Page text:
LAY DOWN (Candles In The Rain) – Melanie & The Edwin Hawkins Singers (1970). Full recording.

I Wanna Be A Lifeguard – Blottomoji version

A highlight of the Barbershop Harmony Society’s International Convention

Tina Turner is 80 years old. The big Interview

The Best-Selling Music Artists of the Last 50 Years

Broad appeal of Thanksgiving

Take this holiday into your own hands

turkey dinnerThanksgiving is my favorite holiday. I believe giving thanks is a social, and personal good. This Alternet article explains why.

“When Sarah Josepha Hale, the editor of Godey’s Lady’s Book, first advocated for Thanksgiving as a national holiday in 1846, she argued that it would unify the country. In our research, [we] have been able to show that Hale’s vision for the holiday has been largely fulfilled. Inclusivity of people and traditions has been Thanksgiving’s hallmark quality.

“A reason for its broad appeal is that it lacks any association with an institutionalized religion. As one interviewee told us, ‘There is no other purpose than to sit down with your family and be thankful.’

“And after interviewing a range of people – from those born in the U.S. to immigrants from countries like South Africa, Australia, and China – it became obvious that the principles and rituals they embraced during the holiday were universal no matter the culture: family, food and gratitude.”

As the title of the story reads, “How everything about Thanksgiving as we know it was shaped by the marketing industry.” Somehow, the fact that we’ve been steered to eating turkey, cranberry, and pie doesn’t bug me as I suppose it should.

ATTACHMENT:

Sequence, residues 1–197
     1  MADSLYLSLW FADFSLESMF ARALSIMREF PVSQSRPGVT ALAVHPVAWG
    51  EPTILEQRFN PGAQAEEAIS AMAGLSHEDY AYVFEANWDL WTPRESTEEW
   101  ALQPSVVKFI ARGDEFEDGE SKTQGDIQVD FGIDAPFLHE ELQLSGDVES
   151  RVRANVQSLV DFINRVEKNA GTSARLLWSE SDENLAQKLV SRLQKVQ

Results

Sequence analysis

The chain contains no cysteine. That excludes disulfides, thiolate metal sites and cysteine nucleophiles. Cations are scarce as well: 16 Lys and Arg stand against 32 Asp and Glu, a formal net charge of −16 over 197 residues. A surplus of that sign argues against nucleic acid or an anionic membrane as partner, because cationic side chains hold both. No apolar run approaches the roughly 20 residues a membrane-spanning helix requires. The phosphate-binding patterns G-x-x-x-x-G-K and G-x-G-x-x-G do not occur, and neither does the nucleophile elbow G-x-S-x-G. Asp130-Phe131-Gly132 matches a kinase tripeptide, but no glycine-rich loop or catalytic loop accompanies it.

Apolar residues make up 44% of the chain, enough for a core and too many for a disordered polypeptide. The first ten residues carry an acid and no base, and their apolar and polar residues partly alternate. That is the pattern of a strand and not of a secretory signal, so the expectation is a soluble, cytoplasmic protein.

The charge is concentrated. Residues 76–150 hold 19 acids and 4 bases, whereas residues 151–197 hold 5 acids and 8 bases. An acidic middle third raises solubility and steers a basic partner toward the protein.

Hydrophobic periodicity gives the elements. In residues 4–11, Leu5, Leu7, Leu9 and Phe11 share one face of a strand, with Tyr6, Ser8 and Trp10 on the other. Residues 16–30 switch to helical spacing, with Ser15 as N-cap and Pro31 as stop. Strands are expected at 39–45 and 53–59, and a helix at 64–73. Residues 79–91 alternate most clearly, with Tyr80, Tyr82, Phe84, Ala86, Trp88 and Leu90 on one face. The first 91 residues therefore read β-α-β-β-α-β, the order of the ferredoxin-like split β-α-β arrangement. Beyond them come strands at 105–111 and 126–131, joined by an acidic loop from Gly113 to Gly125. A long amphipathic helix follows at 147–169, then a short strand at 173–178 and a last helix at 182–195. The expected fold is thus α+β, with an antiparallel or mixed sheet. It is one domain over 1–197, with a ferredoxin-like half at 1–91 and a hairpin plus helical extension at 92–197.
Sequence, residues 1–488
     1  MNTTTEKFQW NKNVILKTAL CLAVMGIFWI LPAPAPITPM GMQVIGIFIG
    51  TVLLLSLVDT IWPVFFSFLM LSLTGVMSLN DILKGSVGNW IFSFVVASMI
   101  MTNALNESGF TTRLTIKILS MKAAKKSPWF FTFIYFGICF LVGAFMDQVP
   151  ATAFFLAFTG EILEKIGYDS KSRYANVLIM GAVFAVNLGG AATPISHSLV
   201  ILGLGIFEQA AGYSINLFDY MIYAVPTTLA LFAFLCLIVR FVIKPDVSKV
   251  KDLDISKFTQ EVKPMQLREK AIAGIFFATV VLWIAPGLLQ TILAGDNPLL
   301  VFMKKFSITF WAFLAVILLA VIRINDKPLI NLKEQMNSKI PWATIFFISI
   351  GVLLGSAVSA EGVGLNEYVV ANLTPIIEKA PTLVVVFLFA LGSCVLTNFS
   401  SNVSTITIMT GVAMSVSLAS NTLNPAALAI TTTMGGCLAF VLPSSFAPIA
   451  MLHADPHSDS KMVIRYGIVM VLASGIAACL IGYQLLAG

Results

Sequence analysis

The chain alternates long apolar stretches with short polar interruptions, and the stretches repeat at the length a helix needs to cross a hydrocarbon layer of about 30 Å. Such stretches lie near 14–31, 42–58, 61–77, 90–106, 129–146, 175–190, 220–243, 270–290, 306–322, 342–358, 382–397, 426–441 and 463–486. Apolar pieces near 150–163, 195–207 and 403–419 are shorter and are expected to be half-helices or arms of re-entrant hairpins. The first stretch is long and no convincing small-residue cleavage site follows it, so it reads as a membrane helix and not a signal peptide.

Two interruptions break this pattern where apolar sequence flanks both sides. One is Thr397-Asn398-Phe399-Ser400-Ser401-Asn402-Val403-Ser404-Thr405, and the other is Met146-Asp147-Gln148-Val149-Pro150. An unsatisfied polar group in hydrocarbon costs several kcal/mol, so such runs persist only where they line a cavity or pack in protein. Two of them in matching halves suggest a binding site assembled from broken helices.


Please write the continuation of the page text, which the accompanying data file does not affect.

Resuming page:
Romancing the holiday

Still, I recognize that there’s an American myth around the holiday. It’s the stuff I learned growing up about the Pilgrims and the American Indians, which makes a lot of folks uncomfortable. The article by Corinne Oestreich in Huffington Post, As A Native American, Here’s What I Want My Fellow Americans To Know About Thanksgiving, speaks to this:

“If I could ask one thing from my non-indigenous fellow Americans when it comes to Thanksgiving, I would ask that you refrain from teaching the romanticized version of the holiday. Read to your children about what it means to be thankful, what it means to heal and be a family. Learn as a family about the tribal nation that is local to where you live.”

In this polarized political environment, sometimes learning “what it means to heal and be a family” seems to be an insurmountable task. Yet, if it is possible – and sometimes it’s not – we try.

“Take time during dinner to recognize whose traditional lands you give thanks on. Take this holiday into your own hands and understand that not every Native will have good feelings about this day, and be accepting of that. We can all choose how we feel about this holiday, but it is always our own choice.”

I suppose this is a bit of a Debbie Downer ending to a holiday post. So it goes.

Garry Shandling would have been 70

Zen Diaries

Garry Shandling
per UCLA